I spent last weekend on the tiny tiny island of Tobishima. Amelie, Edel and I got to the ferry docks in Sakata at the very last possible minute on Saturday morning - to catch our 8:45am ferry. Little did we notice in our flurry of boarding the boat filled with already drunk fishermen and their gear a 7.0 earthquake that hit the area at that exact time. The engine started and we were off, and it became clear that the sea was very, very angry. We forewent playing cards and eventually, even talking, to pass the time, in favor of concentrating wholly on the horizon line while our stomachs lurched with the waves. I've never experienced sea sickness before, but never had I been on a boat for so long (1.5 hours) in such rough water. There was a TV on the boat, and some kind of report with a map came on about 10 minutes into the trip, which the fishermen were so interested in, I assumed it had to do with fish. It was only when we reached the island and received calls and messages that we found out about the earthquake. Anyway, everyone in Akita seems to be all right and no major damage. However, Ichinoseki in Iwate where my parents and I went to that beautiful gorge and stayed at the ryokan, seemed to be hit pretty badly, in addition to the terrible damage to Kurihara in Miyagi-ken.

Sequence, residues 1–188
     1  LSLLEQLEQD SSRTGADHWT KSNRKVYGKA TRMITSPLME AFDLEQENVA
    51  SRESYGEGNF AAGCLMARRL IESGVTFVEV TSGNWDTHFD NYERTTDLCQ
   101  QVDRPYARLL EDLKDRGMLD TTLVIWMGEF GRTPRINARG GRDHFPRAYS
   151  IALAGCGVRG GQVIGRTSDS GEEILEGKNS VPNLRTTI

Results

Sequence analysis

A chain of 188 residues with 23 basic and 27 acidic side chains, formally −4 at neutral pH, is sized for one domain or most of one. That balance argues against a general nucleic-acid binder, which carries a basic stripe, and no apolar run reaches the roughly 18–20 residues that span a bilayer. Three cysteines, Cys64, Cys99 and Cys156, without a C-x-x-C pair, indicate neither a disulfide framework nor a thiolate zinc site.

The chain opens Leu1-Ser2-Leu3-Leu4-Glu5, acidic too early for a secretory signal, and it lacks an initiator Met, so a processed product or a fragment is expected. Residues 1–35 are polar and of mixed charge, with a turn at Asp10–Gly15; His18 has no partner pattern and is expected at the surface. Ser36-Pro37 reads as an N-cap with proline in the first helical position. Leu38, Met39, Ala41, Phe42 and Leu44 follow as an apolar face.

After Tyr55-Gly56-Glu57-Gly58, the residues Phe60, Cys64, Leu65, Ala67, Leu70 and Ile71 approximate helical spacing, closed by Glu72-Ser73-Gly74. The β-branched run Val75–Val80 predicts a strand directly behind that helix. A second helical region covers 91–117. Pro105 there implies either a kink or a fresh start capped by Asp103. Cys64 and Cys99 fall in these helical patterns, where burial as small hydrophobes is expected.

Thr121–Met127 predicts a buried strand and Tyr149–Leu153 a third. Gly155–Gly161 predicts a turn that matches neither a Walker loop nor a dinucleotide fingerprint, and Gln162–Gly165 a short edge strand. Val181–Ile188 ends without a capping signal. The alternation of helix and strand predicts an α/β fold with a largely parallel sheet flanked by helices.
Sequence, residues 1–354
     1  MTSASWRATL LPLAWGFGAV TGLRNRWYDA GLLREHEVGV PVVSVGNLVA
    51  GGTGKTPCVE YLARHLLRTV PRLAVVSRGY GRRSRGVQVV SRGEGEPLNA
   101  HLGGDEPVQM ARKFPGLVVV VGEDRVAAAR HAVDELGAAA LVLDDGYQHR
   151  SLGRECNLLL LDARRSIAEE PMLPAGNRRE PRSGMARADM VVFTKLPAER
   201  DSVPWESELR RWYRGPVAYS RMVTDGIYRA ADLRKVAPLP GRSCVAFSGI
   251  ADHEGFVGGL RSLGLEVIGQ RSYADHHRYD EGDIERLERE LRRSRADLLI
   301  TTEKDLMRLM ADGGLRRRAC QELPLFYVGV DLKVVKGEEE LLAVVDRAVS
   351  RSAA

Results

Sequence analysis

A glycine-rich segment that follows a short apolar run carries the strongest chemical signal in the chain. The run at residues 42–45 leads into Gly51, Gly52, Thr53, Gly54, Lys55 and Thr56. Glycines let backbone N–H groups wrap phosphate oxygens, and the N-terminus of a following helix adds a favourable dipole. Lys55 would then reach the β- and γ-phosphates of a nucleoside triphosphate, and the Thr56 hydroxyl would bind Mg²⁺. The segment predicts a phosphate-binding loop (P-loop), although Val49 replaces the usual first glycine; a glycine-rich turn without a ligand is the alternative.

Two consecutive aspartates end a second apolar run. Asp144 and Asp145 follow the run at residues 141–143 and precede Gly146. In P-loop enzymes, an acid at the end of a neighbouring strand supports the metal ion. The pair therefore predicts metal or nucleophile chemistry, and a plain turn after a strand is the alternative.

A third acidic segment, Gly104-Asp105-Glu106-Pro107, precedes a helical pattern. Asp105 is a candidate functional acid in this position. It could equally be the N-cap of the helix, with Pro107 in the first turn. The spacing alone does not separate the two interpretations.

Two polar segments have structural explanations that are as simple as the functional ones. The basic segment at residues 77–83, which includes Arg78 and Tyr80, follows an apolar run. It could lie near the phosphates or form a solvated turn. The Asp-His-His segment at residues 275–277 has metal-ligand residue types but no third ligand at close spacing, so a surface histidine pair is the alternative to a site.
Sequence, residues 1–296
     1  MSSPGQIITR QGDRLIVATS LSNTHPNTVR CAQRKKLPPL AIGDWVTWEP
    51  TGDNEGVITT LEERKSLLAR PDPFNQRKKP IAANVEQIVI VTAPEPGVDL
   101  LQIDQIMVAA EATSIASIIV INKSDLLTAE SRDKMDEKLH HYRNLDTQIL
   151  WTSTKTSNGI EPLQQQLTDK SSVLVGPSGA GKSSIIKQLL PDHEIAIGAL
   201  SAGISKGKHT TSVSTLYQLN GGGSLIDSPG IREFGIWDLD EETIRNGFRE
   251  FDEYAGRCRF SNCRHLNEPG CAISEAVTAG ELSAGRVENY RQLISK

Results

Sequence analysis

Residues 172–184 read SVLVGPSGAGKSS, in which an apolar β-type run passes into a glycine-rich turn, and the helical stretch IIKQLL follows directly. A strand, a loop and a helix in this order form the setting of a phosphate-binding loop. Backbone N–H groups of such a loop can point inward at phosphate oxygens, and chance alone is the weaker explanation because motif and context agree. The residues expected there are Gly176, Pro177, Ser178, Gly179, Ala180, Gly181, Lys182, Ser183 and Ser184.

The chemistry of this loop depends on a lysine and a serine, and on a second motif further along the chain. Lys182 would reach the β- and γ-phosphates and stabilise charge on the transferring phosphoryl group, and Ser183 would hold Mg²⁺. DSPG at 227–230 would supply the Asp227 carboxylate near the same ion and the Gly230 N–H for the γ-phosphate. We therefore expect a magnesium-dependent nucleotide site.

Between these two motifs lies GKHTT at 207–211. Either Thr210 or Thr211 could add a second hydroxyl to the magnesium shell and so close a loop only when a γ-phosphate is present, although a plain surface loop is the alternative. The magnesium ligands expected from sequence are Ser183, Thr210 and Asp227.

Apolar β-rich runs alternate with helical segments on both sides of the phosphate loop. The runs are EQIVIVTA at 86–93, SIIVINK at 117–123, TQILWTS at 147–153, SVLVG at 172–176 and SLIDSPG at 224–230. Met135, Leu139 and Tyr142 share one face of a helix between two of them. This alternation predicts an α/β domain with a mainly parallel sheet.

Back to the island, this was the perfect girls' weekend, especially perfect for me since I've been cathing up on my Lost and reading Into the Wild. I do believe this is one of the very few places in Japan with NO conbini (convenience stores), rice fields, or pachinko parlors. The island was so small, you could easily bike around it's circular main road in less than an hour. We found a perfect campsite in a protected little area of a shrine near a beach. Actually, we found out later that camping was forbidden on the entire island, but it seems like residents didn't care too much/weren't interested in confronting the gaijins. The popularity of the island was for fishermen, who seemed to come just for the day/weekend hosted by local outfitters. There were also quite a few middle-aged and older couples there for a day hike to see the island's beautiful wildflowers. Bikes were available to "borrow" for free near the dock to explore the island. And so we did.
our front yard, the beach!
the entrance to our humble abode
our front yard beach
tobishima's main road
tiny tiny island map
amelie and edel
some hardcore fishermen, there were a lot of these
wild echinacea, I think
the famous yamagata cherries! not so sweet yet.
tiny tiny torii
the wild yellow lilies!
lights on the fishing boats
island ramen - the orange bit is a lily!
tobishima from the mainland
some buddhas carved into the coastal rock near Sakata